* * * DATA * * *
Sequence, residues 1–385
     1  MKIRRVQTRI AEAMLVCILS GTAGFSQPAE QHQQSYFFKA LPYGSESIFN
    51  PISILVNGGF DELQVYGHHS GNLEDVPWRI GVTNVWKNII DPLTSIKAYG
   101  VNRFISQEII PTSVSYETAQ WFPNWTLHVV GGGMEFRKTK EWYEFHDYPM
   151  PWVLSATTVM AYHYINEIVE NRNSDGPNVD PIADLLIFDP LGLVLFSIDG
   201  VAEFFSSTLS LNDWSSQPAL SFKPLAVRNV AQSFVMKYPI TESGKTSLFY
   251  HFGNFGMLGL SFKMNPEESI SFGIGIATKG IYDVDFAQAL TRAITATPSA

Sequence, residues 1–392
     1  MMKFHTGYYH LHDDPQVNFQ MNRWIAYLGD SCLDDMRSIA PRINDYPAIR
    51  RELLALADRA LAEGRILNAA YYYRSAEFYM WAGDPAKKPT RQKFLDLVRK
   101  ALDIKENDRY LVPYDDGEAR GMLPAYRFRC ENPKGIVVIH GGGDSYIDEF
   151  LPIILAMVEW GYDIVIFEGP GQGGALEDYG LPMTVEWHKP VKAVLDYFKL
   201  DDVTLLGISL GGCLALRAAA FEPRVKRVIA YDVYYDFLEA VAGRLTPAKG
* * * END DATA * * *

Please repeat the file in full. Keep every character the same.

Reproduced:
Sequence, residues 1–385
     1  MKIRRVQTRI AEAMLVCILS GTAGFSQPAE QHQQSYFFKA LPYGSESIFN
    51  PISILVNGGF DELQVYGHHS GNLEDVPWRI GVTNVWKNII DPLTSIKAYG
   101  VNRFISQEII PTSVSYETAQ WFPNWTLHVV GGGMEFRKTK EWYEFHDYPM
   151  PWVLSATTVM AYHYINEIVE NRNSDGPNVD PIADLLIFDP LGLVLFSIDG
   201  VAEFFSSTLS LNDWSSQPAL SFKPLAVRNV AQSFVMKYPI TESGKTSLFY
   251  HFGNFGMLGL SFKMNPEESI SFGIGIATKG IYDVDFAQAL TRAITATPSA

Sequence, residues 1–392
     1  MMKFHTGYYH LHDDPQVNFQ MNRWIAYLGD SCLDDMRSIA PRINDYPAIR
    51  RELLALADRA LAEGRILNAA YYYRSAEFYM WAGDPAKKPT RQKFLDLVRK
   101  ALDIKENDRY LVPYDDGEAR GMLPAYRFRC ENPKGIVVIH GGGDSYIDEF
   151  LPIILAMVEW GYDIVIFEGP GQGGALEDYG LPMTVEWHKP VKAVLDYFKL
   201  DDVTLLGISL GGCLALRAAA FEPRVKRVIA YDVYYDFLEA VAGRLTPAKG